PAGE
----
Elderberry Press vs. Random House

Lo! The Wind Bloweth, Publishing-wise Anyway

August 28, 2011

In which we introduce Fred's new collection, A Grand Adventure, containing his usual venom and billingsgate, as well as stuff on Mexico and God knows where-all, plus buncha photos of everything. And in which we incidentally demolish the publishing racket.

Fred On Everything

Elderberry Press vs. Random House

Lo! The Wind Bloweth, Publishing-wise Anyway

August 28, 2011

In which we introduce Fred's new collection, A Grand Adventure, containing his usual venom and billingsgate, as well as stuff on Mexico and God knows where-all, plus buncha photos of everything. And in which we incidentally demolish the publishing racket.

"It took a while to get from Gutenberg to Bezosberg, but we is done did it, and the rats in New York are scurrying. Hoo!" Fred Reed

Suppose that you have written a book, maybe How to Blow This Pop Stand, Get Married in Thailand, and Live Happily Ever After, and you want to publish it as a service to mankind. How? You have three choices:

First Choice: A publishing house in New York. Bad idea, unless you are Hillary Clinton, which you probably aren't because she already is. The New York houses are withdrawing themselves from the book racket by a combination of incompetence, arrogance, avarice, and sloth. They have lasted this long only because there was no choice. But now there is a Grett Monstrous New Dog out there.

Kindle.

Tkhe Pentagon at Work

A Grand Adventure: Wisdom's Price

For Kindle. Fred's latest collection of sedition, outrage, and affronts to civilization. Discounts for departments of forensic psychology and abnorml anthropology. The photo is from rural Cambodia in 1974, M16 supplied by the Pentagon. Buy it. We know where your children go to school.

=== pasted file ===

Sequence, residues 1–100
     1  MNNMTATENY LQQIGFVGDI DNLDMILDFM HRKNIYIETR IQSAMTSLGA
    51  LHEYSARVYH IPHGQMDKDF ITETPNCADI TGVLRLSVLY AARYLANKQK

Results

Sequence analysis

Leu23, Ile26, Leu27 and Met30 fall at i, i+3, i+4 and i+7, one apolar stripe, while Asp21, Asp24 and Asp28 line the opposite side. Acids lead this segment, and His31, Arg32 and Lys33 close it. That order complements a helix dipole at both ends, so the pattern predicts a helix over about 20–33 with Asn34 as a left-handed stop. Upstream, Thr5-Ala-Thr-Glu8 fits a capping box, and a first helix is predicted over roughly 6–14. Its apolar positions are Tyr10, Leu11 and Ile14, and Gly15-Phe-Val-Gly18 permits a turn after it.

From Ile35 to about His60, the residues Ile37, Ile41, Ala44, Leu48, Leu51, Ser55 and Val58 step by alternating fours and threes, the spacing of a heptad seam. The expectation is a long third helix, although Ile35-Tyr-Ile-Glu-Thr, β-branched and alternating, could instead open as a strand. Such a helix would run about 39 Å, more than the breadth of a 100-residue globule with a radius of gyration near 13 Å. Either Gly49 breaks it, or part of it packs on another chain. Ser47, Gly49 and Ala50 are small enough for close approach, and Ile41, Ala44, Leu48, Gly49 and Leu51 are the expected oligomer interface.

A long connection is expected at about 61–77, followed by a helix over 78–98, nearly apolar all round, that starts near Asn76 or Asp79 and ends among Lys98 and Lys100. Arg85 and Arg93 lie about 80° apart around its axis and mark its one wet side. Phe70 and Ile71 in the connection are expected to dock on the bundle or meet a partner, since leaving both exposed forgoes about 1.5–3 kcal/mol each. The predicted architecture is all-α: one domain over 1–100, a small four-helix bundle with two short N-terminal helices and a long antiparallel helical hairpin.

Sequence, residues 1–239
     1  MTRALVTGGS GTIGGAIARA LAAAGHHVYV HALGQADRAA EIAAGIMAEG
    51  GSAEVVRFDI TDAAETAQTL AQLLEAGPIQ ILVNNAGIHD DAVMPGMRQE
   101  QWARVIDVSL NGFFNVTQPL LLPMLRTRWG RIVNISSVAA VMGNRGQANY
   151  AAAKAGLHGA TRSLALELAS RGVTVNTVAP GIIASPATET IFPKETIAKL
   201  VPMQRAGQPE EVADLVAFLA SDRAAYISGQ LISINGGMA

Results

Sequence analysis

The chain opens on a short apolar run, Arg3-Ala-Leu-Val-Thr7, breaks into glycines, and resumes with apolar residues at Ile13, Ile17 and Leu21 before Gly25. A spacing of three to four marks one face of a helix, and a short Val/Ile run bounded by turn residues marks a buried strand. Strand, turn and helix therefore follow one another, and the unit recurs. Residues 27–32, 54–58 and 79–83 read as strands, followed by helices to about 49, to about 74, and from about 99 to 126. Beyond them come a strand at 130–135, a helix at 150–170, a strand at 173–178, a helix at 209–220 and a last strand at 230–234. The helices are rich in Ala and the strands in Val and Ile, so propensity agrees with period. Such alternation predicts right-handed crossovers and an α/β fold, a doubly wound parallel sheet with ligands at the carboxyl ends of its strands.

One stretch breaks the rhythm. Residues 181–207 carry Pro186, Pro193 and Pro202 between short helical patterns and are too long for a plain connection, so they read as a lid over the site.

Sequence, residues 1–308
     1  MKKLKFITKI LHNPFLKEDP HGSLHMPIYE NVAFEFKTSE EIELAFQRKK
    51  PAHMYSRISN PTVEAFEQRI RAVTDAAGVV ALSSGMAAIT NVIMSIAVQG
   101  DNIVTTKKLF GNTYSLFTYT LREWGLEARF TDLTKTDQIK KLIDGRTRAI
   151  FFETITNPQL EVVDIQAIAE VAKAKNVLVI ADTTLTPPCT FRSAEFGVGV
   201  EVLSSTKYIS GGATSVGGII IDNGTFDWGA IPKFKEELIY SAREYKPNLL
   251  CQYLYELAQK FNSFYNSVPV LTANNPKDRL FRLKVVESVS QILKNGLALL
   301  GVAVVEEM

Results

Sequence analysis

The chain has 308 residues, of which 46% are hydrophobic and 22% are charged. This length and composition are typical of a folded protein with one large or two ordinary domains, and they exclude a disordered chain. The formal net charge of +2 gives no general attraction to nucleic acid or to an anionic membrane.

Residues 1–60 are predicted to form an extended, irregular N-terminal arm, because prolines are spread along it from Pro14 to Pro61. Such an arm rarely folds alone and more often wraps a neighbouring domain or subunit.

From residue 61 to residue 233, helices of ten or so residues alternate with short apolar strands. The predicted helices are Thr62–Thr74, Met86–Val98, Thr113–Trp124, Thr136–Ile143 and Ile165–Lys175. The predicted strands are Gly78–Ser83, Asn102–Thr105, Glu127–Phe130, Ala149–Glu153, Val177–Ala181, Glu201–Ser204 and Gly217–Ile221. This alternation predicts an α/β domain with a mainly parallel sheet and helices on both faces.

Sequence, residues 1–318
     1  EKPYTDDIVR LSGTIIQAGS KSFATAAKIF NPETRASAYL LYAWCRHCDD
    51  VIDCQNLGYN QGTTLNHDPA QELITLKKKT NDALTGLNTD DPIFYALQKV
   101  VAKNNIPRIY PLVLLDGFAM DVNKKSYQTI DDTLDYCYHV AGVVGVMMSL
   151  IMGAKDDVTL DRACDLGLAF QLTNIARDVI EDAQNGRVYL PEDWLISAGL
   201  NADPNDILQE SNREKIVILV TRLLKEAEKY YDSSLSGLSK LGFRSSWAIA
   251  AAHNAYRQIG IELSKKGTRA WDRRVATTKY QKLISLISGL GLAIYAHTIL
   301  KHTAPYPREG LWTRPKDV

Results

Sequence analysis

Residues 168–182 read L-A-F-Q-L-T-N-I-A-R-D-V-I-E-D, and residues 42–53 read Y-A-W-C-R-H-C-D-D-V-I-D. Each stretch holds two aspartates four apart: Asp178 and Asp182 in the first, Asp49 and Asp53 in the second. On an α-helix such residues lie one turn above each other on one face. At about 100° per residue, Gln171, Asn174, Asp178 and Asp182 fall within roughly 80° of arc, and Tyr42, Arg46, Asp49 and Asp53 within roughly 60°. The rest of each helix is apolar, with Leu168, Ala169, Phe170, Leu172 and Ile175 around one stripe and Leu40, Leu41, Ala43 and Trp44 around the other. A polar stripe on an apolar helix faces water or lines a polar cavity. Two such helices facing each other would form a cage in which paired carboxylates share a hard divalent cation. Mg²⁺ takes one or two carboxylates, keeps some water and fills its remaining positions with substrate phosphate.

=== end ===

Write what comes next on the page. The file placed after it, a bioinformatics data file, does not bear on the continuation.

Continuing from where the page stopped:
For publishing books, New York simply doesn't work very well. It is ossified, doesn't like writers or writing, and can barely read. You can't just send your manuscript to New York because they won't read un-agented manuscripts. You likely don't know an agent, so you buy Writer's Market and guess. Your guess doesn't matter because there are only two kinds of agents, those too important to bother with you, and those who are straightforwardly useless. You can spend years shopping agents who demand exclusive contracts while they don't sell your book.

Suppose your opus somehow gets to Random House. It will fall into the hands of a first reader, usually a Barnard co-ed with the brains of a trout fly, who likely has never been more that fifty yards from a flush toilet. She will know nothing about America, truck stops, life, or Oklahoma. She will bounce your book.

Think I'm kidding? Every so often some wag takes a classic, maybe Crime and Punishment, changes the names, and sends it to New York. Invariably it gets rejected, meaning that the first reader knows neither literature nor writing. This is what you are up against.

If by some mistake the book is accepted, you get a tiny advance or none and, a year later 5,000 copies get printed, of which 2,000 sell, maybe, because Random House won't promote it, whereupon it goes into remainders, and they have the copyright. Your book is dead.

Choice Two is Print on Demand, or POD. This is a better deal, if you know what you are doing. For about a half-grand, you email your outpouring, Sex and the Single Dromedary, to an outfit like iUniverse, which formats it for publication and sticks it on a hard drive somewhere. It shows up on Amazon and Barnes and Rubble just like Dostoevsky or the Bible and people can order it, but most likely won't. This is much better than the old vanity presses, to which you paid thousands and ended up with a garage full of moldering books.